Morning Coffee: J.P. Morgan says everything you expected in 2016 is wrong. Morgan Stanley done with fixed income job cuts for a year
Not long ago, investment banking divisions (IBD) were thriving and markets divisions were not. Things have changed. M&A deals are lower than expected, and suddenly markets businesses are outperforming.
“If I look at overall revenues year-over-year, they are more flat,” said Marianne Lake, the CFO of JPMorgan Chase & Co. yesterday, as reported by Bloomberg. “That’s because the upside that we’ve got in markets is offset by lower fees in CIB, and lower asset-management and card.”
Despite the flat outlook for overall revenues compared to last year and costs of approximately $56bn for this year, Lake, speaking at Morgan Stanley’s Financials Conference in New York, stood by JPMorgan’s forecast for Q2 trading revenue to grow by 15%. The trading business was greeted with pessimism heading into 2016, whereas M&A advisory was expected to continue to be a cash cow for the big investment banks this year.
While Microsoft’s acquisition of LinkedIn has increased the hopes for an M&A rebound, times have certainly changed – as have banks’ outlooks – as we approach mid-year.
Separately, in December Morgan Stanley announced that it would axe 25% of its fixed-income staff, including 470 traders and salespeople, but the job cuts at its fixed-income, currencies and commodities (FICC) business appear to be over – for the time being.
James Gorman, the CEO of Morgan Stanley, claimed that he has finished eliminating jobs in fixed income – he doesn’t anticipate major FICC headcount reductions for the next 12 months, anyway – and is now focused on “rebuilding morale” in the unit.
Despite the fact that Morgan Stanley generated FICC revenue of $873m in Q1 of this year, down 56% from $1.9bn in Q1 2015, Gorman said that the business is capable of generating $4bn in annual revenue going forward.
Gorman also provided details on a $1bn cost-cutting plan, “Project Streamline,” that involves scaling back on non-client travel expenses, shifting 1,250 support-staff members to lower-cost offices in cities such as Bangalore, Glasgow and Baltimore, and slicing the number of computer servers in half.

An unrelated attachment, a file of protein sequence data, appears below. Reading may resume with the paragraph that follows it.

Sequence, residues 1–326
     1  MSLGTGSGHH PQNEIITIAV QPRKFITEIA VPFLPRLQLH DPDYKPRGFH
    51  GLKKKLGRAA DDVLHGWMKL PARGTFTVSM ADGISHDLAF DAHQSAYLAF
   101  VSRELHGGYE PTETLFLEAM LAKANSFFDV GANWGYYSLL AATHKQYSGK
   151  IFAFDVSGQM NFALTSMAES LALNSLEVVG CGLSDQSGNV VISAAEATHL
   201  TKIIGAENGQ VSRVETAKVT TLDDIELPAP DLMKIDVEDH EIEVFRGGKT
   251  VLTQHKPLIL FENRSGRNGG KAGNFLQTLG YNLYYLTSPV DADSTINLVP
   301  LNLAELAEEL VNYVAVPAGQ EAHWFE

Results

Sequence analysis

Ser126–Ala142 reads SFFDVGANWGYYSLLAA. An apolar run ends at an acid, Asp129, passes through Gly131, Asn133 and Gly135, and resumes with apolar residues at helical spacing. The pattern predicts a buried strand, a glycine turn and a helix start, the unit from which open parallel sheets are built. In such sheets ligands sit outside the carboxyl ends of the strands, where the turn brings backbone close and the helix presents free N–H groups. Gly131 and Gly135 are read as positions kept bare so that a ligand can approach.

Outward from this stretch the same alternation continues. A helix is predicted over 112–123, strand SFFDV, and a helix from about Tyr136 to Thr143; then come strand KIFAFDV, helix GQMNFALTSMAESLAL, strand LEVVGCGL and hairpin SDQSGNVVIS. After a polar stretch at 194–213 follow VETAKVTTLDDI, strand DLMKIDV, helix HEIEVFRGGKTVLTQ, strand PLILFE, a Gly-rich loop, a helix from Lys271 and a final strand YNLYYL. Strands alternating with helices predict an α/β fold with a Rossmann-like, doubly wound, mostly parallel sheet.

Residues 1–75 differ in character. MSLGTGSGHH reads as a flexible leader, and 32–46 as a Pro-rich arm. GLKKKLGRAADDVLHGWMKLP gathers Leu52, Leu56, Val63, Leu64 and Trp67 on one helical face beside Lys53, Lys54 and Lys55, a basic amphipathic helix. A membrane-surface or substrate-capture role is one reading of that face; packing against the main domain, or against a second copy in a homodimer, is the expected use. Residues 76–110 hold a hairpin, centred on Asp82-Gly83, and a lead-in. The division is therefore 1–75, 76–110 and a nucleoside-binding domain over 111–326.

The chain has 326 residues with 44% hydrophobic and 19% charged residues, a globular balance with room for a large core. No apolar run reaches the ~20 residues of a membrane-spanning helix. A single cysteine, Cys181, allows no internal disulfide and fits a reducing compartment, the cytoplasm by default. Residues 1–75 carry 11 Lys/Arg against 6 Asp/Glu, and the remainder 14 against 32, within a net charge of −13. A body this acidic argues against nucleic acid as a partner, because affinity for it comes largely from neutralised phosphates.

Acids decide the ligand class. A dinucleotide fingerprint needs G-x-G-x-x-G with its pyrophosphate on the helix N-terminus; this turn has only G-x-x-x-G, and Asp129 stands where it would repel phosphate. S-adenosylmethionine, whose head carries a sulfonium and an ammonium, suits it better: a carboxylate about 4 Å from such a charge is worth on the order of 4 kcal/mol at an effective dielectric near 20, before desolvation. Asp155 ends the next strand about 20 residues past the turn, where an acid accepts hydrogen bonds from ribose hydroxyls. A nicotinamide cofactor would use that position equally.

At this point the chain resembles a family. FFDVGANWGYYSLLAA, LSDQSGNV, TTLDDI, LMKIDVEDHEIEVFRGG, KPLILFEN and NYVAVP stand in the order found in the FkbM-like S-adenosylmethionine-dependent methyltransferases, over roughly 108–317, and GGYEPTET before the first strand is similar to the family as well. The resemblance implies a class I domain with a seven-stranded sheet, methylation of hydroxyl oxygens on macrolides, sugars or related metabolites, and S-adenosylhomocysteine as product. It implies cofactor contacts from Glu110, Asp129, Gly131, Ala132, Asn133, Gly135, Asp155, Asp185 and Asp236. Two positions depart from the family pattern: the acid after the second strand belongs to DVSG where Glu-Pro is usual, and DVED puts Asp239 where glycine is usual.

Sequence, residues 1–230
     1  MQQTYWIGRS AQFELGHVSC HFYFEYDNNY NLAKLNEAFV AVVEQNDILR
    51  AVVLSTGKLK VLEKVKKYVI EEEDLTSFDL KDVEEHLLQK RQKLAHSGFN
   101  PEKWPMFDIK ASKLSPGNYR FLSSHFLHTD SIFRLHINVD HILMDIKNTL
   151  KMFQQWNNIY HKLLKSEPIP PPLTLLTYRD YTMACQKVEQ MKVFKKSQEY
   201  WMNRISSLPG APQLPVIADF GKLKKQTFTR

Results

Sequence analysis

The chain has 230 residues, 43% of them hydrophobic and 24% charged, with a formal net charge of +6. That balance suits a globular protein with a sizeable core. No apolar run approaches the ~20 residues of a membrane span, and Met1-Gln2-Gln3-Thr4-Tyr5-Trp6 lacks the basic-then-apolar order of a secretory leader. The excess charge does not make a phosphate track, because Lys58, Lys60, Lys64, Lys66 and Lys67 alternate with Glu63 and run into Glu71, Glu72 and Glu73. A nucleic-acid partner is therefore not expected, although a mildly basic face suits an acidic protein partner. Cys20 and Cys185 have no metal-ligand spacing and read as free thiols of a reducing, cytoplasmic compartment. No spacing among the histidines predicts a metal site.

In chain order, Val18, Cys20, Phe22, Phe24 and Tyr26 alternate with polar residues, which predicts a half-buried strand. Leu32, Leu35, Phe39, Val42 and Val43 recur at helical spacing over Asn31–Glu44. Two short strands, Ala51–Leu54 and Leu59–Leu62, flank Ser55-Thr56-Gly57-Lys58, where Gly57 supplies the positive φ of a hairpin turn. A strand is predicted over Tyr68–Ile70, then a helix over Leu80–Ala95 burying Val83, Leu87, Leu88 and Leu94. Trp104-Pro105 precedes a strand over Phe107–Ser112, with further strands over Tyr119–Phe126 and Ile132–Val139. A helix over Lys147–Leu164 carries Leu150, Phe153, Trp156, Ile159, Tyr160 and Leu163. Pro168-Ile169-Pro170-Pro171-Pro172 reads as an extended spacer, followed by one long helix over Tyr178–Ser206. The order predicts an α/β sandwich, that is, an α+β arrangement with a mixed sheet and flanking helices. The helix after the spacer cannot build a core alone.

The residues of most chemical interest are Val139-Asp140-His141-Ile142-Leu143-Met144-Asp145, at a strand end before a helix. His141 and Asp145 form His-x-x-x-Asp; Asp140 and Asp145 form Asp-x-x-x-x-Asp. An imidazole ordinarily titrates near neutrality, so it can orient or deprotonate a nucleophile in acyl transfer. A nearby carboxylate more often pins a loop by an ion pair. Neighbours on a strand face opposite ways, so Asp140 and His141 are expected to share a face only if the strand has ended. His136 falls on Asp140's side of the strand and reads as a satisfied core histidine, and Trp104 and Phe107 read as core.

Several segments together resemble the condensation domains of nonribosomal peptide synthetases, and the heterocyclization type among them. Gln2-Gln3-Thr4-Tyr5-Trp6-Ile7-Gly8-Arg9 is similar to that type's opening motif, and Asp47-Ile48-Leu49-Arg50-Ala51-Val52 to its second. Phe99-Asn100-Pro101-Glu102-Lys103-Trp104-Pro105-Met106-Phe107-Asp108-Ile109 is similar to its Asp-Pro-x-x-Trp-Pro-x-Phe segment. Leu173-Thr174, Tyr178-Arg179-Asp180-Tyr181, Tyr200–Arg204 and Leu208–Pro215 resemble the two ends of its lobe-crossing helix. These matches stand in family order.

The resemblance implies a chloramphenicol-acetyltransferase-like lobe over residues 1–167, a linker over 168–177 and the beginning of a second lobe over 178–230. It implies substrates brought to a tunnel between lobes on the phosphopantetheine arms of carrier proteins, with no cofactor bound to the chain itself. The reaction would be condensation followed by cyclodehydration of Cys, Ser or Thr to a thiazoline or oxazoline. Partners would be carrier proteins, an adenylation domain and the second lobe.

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Gunit Chadha, Deutsche Bank's Asia-Pacific CEO, has decided to step down. (Reuters)
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Paul Singer, the billionaire New York hedge-fund manager known for his conservative political stance, won't donate to the Republican convention in Cleveland or attend events there. (Bloomberg)
British banks are bracing for Brexit by ramping up their borrowing. (WSJ)
Wells Fargo is ramping up its competition with fintech start-ups and claims that bank customers will have no reason to use such alternative ventures. (FT)
Wells Fargo CFO John Shrewsberry is seeing a greater appetite for acquisitions from corporate clients. (Reuters)
UBS has hired Carolanne Minashi, a former Citi executive, as its head of diversity. (finews.asia)
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Barclays has hired Tim Main, formerly of J.P. Morgan and Evercore Partners, as the chairman of its financial institutions group. (Reuters)
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Schroders has announced a host of senior moves in Asia Pacific. (International Adviser)
Citi, Deutsche and JPMorgan are facing intense criticism for backing fossil fuel. (FT)
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